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Export and Import Management

Export and Import Management

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Published by: mailonvikas on May 16, 2012
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IIMM/DH/02/2006/8154, Export and Import Management 
1
Q 1. (a) The First & Second Export and Import Policies were announced in 1992 and Mar 1997  respectively. The Second policy is operating currently and applies for all Export & Imports. What are the objectives of Imports & Exports (Control) Act 1947 and Present Second Policy. Answer:-
INTRODUCTION: -Trade policy governs exports from and imports into a country. It is one of the various policy instruments used by acountry to attain her goals of economic develop-ment. This policy is thus, formulated keeping in view, the nationalpriorities for economic development and the international commitments made by the country. It is essential that theentrepreneurs and the export managers understand the trade policy as it provides the vital inputs for the formulation of their business growth strategies. In India, the trade policy Le., export-import policy is formulated by the Ministry of Commerce, Government of India in terms of section 5 of the Foreign Trade (Development and Regulation)Act,1992Besides, the Government of India also announced on January 30,2002 a Medium Term Export strategy, toguide the formulation the Export-Import Policy: 2002 - 07 with the, objective of achieving a share of 1 % in worldtrade by the end of 2006 - 07 from the present I share of 0.6% (2000 - 01). The text of this strategy is given asAppendix VII at the end of the book. The present Export - Import Policy was announced on 31.3.2002 for a period of 5years with effect from 1.4.2002 to 31.3.2007 co-terminus with Tenth Five Year Plan. It covers both the trade inmerchandise and services. The present chapter explains legal framework affecting foreign trade of India particularlywith reference to Export-Import Policy; 2002 - 2007. It also discusses the preferential trading arrangements affectingexports and imports of India.
 MEANING:-
The foreign trade of India is guided by the Export-Import (EXIM) Policy of the government of India arid is regulatedby the Foreign Trade (Development and Regulation) Act, 1992.EXIM Policy contains various policy decisions taken by the government in the sphere of foreign trade, i.e., withrespect to imports and exports from the country and more especially export promotion measures, policies andprocedures related thereto. It is prepared and announced by the Central Government (Ministry of Commerce). India'sEXIM policy, in general, aims at developing export potential, improving export performance, encouraging foreigntrade and creating favourable balance of payments position.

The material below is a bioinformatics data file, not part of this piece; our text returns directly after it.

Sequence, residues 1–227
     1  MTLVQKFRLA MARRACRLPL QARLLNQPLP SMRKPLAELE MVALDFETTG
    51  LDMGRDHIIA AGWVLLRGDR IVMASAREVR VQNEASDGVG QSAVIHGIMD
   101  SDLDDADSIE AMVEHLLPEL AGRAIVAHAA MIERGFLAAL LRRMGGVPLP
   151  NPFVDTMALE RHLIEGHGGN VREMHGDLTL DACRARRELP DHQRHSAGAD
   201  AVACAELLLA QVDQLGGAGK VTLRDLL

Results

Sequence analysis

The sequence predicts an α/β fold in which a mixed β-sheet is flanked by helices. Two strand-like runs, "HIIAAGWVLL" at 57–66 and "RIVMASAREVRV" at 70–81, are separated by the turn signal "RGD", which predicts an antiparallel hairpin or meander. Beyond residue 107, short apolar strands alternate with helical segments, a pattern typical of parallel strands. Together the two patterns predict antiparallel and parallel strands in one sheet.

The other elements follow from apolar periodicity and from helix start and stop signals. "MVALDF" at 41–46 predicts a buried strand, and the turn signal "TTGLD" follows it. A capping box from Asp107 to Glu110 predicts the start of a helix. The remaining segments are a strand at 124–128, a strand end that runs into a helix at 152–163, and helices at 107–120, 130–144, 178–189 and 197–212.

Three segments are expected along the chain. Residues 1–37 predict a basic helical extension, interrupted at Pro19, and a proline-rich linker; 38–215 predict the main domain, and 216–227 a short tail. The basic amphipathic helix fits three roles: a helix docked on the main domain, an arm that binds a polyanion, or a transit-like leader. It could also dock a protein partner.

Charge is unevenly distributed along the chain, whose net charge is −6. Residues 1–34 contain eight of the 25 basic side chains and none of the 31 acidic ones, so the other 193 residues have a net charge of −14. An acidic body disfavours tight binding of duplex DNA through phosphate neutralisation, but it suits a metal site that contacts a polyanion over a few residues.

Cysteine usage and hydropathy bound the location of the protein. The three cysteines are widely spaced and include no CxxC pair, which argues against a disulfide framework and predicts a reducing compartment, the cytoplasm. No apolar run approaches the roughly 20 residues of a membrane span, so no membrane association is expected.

LEGAL FRAMEWORK FOR FOREIGN TRADE OF INDIA:-
In India, the legal framework for the regulation of foreign trade is mainly provided by the Foreign Trade(Development and Regulation) Act, 1992, Garments Export Entitlement Policy: 2000-2004, Export (Quality Controland Inspection) Act, 1963, Customs and Central Excise Duties Drawback Rules, 1995, Foreign Exchange ManagementAct, 1999 -and the Customs and Central Excise Regulations.The main objective of the Foreign Trade (Development and Regulation) Act is to provide for the development andregulation of foreign trade by facilitating imports into, and augmenting exports from India. This Act has replaced theearlier law namely, the
imports and Exports (Control) Act1947
. A comparison of the nomenclature of the two Actsmakes it very dear that there is a shift in the focus of the law from control to development of foreign trade. This shift inthe focus is the outcome of the emphasis on liberalisation and globalisation as a part of the process of economicreforms initiated in India since June 1991.The application of the provisions of the Foreign Trade (Development & Regulation) Act 1992 has been exempted forcertain trade transactions vide Foreign Trade (Exemption from application of Rules in certain cases) Order 1993GENERAL OBJECTIVES OF THE EXIM POLICY: -
 
IIMM/DH/02/2006/8154, Export and Import Management